Just like that, the Miami Heat and a Big Three-Minus-One are headed back to the Eastern Conference finals.
Wade scored 41 points, James added 28 and the Heat finished off the once-frisky Indiana Pacers 105-93 in Game 6 Thursday night, advancing to face either Boston or Philadelphia in the next round.
The way Miami's dynamic duo is playing, it may not matter who's got next.
"They're going to be tough to beat by anybody," Indiana coach Frank Vogel said.
This was a 4-2 triumph that came down to a trilogy, Wade and James responding with the most remarkable week of their high-powered partnership, just when it looked as though the Heat were down and might be out.
Over the course of three dazzling games, James scored 98 points, grabbed 34 rebounds and dished out 24 assists. Wade had 99 points, 22 rebounds and 11 assists. Chris Bosh, sidelined by an abdominal injury, wasn't missed at all.
"In the regular season, we've had some good games," Wade said. "But I don't know if we've ever had three in a row like that in the playoffs, the way we played off each other."
Of course, nothing less than an NBA title will do in South Beach.
Two series down, two to go.
One week earlier, Miami was down 2-1 after getting thumped 94-75 in Indianapolis. The fired-up Pacers had another game on their home court and a chance to build a commanding lead.
Wade and James simply refused to let it happen.
"We understand that when Chris went out, we had to step up," D-Wade said. "The team looked to us to lead."
The banged-up Heat will get a chance to relax a couple of days before worrying about the next opponent, who will be determined in Game 7 at Boston on Saturday. The conference finals start Monday in Miami.
Bosh hopes to return at some point, but it might not matter.
Not the way Wade and James are playing.
"Chris Bosh is an awesome basketball player, but when he goes down, that just means more touches for LeBron and Wade," Vogel said. "That's not exactly an advantage."
The Heat rallied from an early 11-point deficit, riding the hot hand of Wade in the opening half. He scored 26 points by the break, tying Tim Hardaway's 16-year-old franchise record for most playoff points in the first two quarters. James hit consecutive baskets with just over a minute remaining to close it out.
David West led Indiana with 24 points and all five starters were in double figures. Balance, it turned out, was no match for Wade and James.
"Guys are disappointed but understand that it's not our time yet," West said.
In a game of spurts, the decisive one came in the closing minutes of the third quarter.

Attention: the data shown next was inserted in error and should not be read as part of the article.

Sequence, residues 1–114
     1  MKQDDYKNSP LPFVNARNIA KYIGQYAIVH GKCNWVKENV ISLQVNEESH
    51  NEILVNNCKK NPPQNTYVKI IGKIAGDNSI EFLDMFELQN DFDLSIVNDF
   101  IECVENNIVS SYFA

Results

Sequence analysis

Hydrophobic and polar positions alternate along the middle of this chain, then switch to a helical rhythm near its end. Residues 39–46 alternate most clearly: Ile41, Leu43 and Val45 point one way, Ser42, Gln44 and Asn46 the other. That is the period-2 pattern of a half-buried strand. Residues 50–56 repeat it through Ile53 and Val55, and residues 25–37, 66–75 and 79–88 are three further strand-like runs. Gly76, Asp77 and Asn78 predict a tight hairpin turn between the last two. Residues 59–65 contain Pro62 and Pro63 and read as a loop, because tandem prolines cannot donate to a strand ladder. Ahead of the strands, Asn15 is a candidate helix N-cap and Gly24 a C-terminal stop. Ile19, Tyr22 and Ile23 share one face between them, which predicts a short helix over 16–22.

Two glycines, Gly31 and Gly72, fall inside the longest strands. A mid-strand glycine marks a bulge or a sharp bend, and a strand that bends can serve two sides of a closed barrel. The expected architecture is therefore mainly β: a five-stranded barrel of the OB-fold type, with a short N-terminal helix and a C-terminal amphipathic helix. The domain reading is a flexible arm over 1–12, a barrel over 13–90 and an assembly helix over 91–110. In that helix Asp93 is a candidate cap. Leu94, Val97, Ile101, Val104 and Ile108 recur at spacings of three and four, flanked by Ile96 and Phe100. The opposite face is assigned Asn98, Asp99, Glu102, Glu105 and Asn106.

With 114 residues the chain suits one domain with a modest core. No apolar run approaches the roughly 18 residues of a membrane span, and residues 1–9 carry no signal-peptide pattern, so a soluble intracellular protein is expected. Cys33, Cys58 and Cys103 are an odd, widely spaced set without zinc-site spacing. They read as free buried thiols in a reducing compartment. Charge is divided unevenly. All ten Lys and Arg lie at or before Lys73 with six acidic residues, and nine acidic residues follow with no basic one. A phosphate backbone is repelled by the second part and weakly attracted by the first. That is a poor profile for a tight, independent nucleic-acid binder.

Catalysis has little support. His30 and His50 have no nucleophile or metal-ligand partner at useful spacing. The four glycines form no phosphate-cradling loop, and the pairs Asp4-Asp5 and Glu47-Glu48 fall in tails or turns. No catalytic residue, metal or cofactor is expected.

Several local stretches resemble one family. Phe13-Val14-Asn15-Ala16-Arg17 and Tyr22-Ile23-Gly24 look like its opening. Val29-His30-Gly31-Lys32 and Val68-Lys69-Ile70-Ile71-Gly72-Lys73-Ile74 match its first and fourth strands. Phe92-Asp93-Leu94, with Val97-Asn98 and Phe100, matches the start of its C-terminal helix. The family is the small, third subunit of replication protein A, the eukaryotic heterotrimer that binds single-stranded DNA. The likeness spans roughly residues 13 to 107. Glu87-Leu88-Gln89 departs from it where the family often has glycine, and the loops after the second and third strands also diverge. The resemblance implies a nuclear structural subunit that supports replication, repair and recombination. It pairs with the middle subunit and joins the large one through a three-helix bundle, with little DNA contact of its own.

The Pacers tied it at 66 on Darren Collison's 3-pointer, but it was all Heat the rest of the period. They closed on a 13-3 run, capped by Mario Chalmers' buzzer-beating 3 from the corner. Wade, who was on the bench getting his customary breather at the end of the quarter, leaped from his seat as the ball left Chalmers' hand at the far end, raced along the baseline and pumped his fist when it swished.
When Chalmers raced toward the Miami bench, Wade greeted him near the free throw line with a low-five.
"We just had a bad stretch," West said. "They got us in the third quarter."
Cheerleading aside, D-Wade did his best work while in the game. He dropped 11-of-16 shooting on the Pacers in the first half, but also made sure the MVP stayed involved, dishing off a behind-the-back pass to James for a thunderous jam.
"They're too good," West said. "They pressure you all over the place."
There was none of the nastiness that marked Game 5, when a bunch of flagrant fouls resulted in suspensions for two Miami players, co-captain Udonis Haslem and backup center Dexter Pittman. Pacers president Larry Bird was so disgusted with his team's performance in a 95-86 loss that he accused them of going "soft."
Toughness wasn't the problem this time. This was merely a Miami team on a mission, a mission that began in the summer of 2010 when the Heat signed James and Bosh to join Wade in a seemingly unbeatable trio. There was a glitzy introduction and predictions of multiple championships, which left the rest of the league seething and plenty of people cheering when Miami was knocked off in the NBA finals by the Dallas Mavericks last season.
Shaking off that disappointment, James had perhaps his greatest season yet. But it was Wade who took control in the decisive game against the Pacers. He sliced into the lane, throwing up a one-handed shot that looked like it might go over the backboard, only to catch the top of the glass and drop through, barely touching the twine. He delivered one final blow when he split West and George Hill, banking in the shot despite taking a knee from Hill that sent the Heat guard tumbling to the court.
"We just didn't have enough yet," Vogel said, "but we'll be back."
Chalmers finished with 15 points, while Mike Miller stepped up to provide some quality minutes, scoring 12 points on four 3-pointers to help fill the void without Haslem, Pittman and Bosh.
When Miller wasn't in the game, he stretched out along the baseline to cope with his various aches and pains, more comfortable that way than sitting in a chair. When coach Erik Spoelstra called his number, Miller summoned several of his teammates to help lift him up.
"He might be the toughest guy on the team," Wade said.
The Big Two aren't too shabby, either.
Notes: Indiana started 8 of 9 from the field, but went just 26 of 61 (43 percent) the rest of the way. ... The Heat held the Pacers to an average of less than 40 points in the second half over the last three games. ... Miami had only 10 turnovers, its fewest in the series.
Follow Paul Newberry on Twitter at www.twitter.com/pnebwerry1963